I woke up this morning thinking about Sleepwalker, Linda K. Sienkiewicz’s book of poems, considering what to say about it, wondering how to find the words sufficiently to honor it. This is a book about grief, about the unthinkable loss of a child who takes his life, about how to live with that. I had just finished reading a book about homes blown to smithereens by a hurricane. Lying in bed I pictured a house, her home, flying into the air, spinning about and coming apart, forgetting that was the image on the cover of her book. With each poem in this book, she drives a stake into the ground, holding the house in place, keeping it from flying apart.
There is heartbreak throughout, the chaos of emotion intricately presented. In a poem about shipwreck (“What Every Mother Hopes For”) a boy miraculously survives and comes home. In another poem, in an orgy of anger (“Gone: A Dream”) the boy leaves home, the mother watching from a second story window, wanting to protect him, to help him, “I want to jump from the window after him / but I’m tangled in the curtains.” Helplessness pervades the collection. In the title poem, “Sleepwalker,” the mother connects–”every night I give him a kiss / to wear on a chain around his neck”–while realizing the separation, a gulf she cannot cross–”I am on the other side of his journey.”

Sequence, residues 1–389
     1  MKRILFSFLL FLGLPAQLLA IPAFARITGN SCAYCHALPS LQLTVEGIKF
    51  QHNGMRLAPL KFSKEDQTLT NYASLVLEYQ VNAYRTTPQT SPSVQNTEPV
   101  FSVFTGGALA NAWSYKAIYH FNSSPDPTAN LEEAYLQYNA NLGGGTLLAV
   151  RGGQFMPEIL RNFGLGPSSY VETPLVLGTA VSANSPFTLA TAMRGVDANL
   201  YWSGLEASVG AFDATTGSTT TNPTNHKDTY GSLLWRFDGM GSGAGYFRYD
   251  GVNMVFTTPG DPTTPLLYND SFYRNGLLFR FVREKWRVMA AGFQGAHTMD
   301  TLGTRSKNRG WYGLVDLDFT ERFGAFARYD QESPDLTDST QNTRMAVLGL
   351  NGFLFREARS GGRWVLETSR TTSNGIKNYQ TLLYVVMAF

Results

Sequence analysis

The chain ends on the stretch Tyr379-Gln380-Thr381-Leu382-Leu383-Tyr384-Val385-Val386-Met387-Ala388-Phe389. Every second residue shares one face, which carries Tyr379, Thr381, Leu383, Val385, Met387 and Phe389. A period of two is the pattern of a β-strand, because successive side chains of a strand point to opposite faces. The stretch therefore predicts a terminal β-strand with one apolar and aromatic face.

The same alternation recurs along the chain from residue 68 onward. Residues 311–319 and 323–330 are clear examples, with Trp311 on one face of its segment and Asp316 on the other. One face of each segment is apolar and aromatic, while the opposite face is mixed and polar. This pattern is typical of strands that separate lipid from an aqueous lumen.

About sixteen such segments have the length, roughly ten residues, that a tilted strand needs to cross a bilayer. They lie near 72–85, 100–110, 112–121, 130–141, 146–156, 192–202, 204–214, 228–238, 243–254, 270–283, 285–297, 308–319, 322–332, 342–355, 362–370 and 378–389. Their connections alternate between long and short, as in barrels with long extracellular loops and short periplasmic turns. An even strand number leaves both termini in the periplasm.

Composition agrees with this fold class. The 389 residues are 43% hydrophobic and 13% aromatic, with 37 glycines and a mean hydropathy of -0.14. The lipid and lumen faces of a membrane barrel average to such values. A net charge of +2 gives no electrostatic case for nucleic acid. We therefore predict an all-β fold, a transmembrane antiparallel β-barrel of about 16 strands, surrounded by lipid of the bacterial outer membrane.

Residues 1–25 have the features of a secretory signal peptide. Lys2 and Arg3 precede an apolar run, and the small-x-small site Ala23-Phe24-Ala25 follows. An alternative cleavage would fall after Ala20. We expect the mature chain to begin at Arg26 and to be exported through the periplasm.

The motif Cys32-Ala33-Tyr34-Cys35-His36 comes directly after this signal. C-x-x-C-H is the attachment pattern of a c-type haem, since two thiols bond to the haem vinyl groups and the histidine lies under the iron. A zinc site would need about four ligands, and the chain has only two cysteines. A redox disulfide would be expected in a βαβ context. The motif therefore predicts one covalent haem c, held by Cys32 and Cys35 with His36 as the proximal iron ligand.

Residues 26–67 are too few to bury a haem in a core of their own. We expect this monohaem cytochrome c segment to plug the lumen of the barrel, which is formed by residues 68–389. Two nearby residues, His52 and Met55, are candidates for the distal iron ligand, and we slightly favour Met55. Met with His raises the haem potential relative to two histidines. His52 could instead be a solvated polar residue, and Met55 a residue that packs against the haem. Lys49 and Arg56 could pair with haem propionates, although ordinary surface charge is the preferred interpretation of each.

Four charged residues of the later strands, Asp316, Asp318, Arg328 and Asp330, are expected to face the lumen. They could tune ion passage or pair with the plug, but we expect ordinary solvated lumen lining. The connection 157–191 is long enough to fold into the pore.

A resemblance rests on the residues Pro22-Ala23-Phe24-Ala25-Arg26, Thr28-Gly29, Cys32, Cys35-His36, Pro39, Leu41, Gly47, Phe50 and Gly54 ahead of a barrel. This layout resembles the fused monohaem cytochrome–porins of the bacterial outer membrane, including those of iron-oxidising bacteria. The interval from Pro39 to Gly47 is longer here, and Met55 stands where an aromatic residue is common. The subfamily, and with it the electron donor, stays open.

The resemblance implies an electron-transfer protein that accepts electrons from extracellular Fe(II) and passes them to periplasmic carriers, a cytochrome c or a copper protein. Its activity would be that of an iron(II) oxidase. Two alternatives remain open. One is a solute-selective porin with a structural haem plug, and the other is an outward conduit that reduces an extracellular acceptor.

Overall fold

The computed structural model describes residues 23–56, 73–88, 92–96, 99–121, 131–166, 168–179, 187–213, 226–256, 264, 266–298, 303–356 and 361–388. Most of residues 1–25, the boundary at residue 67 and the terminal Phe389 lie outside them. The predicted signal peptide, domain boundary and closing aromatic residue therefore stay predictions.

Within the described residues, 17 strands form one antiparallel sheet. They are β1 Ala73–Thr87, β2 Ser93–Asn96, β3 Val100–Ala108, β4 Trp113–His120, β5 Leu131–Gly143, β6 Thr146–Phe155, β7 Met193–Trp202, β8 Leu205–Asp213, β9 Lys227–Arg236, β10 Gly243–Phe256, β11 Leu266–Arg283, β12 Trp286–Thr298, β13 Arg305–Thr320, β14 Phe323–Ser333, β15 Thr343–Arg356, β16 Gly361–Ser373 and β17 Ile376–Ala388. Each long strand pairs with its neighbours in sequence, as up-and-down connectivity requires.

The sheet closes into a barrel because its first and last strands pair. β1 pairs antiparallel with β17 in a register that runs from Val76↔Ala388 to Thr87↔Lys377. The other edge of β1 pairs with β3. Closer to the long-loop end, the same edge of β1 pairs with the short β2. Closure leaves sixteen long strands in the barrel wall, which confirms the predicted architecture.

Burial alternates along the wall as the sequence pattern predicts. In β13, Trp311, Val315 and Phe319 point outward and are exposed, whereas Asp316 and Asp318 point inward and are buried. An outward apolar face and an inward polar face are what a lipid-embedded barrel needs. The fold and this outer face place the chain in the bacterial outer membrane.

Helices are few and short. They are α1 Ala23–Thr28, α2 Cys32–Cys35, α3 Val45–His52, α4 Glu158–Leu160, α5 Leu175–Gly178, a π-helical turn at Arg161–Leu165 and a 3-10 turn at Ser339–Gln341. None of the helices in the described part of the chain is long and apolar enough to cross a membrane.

And the discovery, in “The Second Worst Thing,” rendered in agonizing minimal detail:
The police took
I don’t know what else
Along with heartbreak (a thud deep in a mother’s womb, as Sienkiewicz describes it), there is the endless return and re-examination, and there is no answer, no reply. There is only continuation. “Once you let go, the body takes over,” she writes. Nothing matters, and tomorrow comes too soon.
Love is an ache. In these marvelous poems, the reader aches with her.
Published by Finishing Line Press